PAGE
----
5. Reduces epileptic seizures
The only CBD treatment that is approved by the FDA is for rare forms of epilepsy, a potentially life-threatening condition that causes seizures.
Though scientists are still not sure exactly how CBD decreases seizures in epilepsy patients, it may help increase the availability of a brain chemical called adenosine, which can help to control seizures.
Side effects of CBD
Though we know that CBD can cause side effects like nausea or sleepiness, we don’t yet know about more serious risks over the long term.
“The risks of CBD itself simply haven’t been studied,” says J.H. Atkinson, MD, co-director of the California Center for Medicinal Cannabis Research.
One risk we are aware of is that CBD seems to interact with certain drugs like blood thinners, increasing how much of the drug stays in your bloodstream, Atkinson says.
The main risk of CBD products, however, is that they are not regulated by the FDA. This means that if you buy a bottle of CBD capsules, it may contain more or less CBD than the label says. “These fluctuations can be as high as 50-100% higher or lower than the stated claims,” Danesh says.
One way to help ensure that you’re getting the proper dose is to get CBD products that are 3rd party tested by an independent lab. For more details, LA Weekly has a list of CBD companies that use third party testing.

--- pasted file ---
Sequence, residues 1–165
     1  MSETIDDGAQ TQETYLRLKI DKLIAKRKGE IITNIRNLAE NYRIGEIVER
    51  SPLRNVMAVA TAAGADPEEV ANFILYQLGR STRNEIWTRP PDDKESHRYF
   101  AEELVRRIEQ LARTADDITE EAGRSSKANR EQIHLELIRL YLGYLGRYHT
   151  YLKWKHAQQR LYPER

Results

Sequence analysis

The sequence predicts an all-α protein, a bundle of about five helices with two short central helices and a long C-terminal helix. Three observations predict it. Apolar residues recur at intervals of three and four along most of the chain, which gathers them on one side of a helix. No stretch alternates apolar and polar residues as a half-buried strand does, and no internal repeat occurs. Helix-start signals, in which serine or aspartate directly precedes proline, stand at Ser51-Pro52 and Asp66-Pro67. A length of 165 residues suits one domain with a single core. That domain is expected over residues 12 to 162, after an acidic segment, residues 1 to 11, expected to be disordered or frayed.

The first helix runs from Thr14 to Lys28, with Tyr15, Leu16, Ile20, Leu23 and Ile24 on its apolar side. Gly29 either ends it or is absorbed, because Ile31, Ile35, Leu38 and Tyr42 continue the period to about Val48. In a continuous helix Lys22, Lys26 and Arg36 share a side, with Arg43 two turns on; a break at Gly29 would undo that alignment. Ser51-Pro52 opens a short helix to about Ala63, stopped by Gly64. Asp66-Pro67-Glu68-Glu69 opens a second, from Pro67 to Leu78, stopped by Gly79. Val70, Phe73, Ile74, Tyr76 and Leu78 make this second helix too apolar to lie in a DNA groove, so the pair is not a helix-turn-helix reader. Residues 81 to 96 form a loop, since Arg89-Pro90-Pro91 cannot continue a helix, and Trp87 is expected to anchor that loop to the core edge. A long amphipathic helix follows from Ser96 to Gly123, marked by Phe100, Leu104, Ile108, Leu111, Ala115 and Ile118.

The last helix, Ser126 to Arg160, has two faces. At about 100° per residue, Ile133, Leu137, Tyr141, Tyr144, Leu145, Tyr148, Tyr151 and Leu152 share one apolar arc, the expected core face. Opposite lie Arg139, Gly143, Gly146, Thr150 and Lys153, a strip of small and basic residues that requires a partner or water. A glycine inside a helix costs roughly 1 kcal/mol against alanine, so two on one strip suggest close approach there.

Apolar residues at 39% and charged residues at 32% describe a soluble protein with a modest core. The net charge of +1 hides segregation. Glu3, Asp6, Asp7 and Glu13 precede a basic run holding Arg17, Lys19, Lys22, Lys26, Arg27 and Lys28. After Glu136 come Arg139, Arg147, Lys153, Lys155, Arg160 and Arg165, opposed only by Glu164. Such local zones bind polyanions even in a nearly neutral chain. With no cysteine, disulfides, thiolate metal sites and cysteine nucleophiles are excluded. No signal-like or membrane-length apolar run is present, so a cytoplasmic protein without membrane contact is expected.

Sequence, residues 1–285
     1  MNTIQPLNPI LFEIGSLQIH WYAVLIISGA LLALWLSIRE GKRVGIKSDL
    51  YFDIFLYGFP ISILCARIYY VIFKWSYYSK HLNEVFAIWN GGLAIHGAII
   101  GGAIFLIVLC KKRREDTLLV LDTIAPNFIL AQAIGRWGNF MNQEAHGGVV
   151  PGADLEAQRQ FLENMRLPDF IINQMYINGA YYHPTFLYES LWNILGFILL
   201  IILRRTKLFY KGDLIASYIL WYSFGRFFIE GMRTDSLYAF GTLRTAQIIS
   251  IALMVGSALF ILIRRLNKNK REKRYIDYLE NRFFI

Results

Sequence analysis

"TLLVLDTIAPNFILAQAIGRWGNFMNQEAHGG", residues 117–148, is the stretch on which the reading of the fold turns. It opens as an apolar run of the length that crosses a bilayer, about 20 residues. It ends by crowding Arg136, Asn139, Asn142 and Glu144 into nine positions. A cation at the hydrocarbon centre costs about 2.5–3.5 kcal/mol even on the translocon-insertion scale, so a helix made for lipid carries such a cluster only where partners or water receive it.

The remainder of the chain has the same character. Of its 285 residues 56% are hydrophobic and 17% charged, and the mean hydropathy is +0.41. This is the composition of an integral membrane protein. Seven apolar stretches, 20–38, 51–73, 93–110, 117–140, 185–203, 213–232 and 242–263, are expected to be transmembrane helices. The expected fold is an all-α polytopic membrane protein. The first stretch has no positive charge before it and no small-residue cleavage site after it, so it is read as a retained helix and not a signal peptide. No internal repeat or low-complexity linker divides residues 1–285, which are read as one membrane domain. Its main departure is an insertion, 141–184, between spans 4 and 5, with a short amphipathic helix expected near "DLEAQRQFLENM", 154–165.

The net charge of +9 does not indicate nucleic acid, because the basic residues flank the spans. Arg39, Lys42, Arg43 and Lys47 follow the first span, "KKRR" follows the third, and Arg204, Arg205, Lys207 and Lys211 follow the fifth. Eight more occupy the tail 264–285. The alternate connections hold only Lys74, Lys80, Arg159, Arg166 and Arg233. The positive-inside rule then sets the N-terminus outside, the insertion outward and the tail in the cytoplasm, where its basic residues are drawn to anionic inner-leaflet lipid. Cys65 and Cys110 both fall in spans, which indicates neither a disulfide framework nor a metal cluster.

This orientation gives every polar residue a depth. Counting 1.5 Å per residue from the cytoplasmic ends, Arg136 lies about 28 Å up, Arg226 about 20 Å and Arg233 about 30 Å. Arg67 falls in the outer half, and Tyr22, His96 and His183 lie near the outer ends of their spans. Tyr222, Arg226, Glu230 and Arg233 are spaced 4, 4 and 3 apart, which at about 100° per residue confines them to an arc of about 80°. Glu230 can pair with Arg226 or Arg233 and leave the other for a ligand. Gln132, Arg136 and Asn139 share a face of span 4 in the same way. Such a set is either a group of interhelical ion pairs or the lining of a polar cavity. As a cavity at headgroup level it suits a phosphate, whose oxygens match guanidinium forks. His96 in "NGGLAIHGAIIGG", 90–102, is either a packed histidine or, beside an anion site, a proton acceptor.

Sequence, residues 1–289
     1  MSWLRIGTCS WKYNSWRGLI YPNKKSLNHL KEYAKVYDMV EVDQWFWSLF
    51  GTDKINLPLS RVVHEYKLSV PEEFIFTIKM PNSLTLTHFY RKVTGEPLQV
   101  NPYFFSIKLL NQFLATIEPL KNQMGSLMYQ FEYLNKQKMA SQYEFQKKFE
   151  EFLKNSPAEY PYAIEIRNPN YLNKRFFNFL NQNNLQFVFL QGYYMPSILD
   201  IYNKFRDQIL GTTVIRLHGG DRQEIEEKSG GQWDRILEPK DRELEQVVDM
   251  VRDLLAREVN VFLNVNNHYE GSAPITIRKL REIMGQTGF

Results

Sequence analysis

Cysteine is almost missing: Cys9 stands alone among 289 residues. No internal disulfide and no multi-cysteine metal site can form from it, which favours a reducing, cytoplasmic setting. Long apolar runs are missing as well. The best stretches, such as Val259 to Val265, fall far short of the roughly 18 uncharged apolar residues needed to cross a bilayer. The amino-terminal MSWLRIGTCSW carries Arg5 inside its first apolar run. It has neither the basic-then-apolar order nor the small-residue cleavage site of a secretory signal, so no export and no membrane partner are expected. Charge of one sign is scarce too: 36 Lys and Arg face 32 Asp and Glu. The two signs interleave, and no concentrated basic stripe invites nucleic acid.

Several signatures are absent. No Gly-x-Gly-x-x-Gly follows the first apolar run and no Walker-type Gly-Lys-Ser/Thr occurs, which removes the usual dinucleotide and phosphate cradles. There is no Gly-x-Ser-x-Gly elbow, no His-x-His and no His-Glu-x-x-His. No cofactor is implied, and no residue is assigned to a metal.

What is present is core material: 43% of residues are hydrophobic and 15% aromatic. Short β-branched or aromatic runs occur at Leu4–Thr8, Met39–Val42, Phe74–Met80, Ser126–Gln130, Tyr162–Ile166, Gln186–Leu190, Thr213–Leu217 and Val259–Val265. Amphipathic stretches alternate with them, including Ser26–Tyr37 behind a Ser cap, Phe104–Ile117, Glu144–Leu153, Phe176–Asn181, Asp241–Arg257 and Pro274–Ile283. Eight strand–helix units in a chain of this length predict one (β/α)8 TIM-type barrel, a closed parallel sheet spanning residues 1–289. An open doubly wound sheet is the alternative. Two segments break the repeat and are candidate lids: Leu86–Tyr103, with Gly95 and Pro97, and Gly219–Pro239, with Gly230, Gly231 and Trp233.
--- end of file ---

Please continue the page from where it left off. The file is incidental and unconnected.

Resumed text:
Which type of CBD is right for you?
CBD comes in many different forms, including edible gummies, vaping oil, tinctures, and skin cream. If you do decide to try CBD, it’s best to stick to methods that don’t involve smoking or vaping, as these can lead to lung issues. The safest way to take CBD is by mouth, Danesh says.
But even when taking CBD by mouth, there are some complications, Atkinson says. When you digest CBD, it can take much longer for the effects to start compared with smoking or vaping, so there is a risk that people may take too much, thinking it isn’t working.
There are currently no studies that show any major health risks from CBD, but for some people, taking high doses can cause side effects like diarrhea or drowsiness. It’s also wise to proceed with caution since more research is needed to ultimately determine CBD’s effectiveness for certain conditions.
Preliminary research suggests that CBD may help with a wide range of ailments from pain relief to epilepsy treatment.
However, it’s important to note that it may be hard to dose CBD since CBD products are not regulated by the FDA.
Moreover, some forms of CBD, like edibles, can take a while to kick in, so there’s the risk of doing too much if you continue to take more because you don’t think it’s working.
There are no known serious health risks of CBD, but taking too much may lead to side effects like diarrhea or drowsiness.
And remember, as with any new treatment, it’s best to discuss starting CBD supplements with your doctor first.
Madeline Kennedy is a health writer for Insider covering a wide range of topics including reproductive and sexual health, mental health, nutrition, and infectious disease. Before joining Insider, Madeline worked as a health news writer for Reuters, and a domestic violence therapist. She has a master’s degree in social work from UPenn and is interested in the intersection of health and social justice.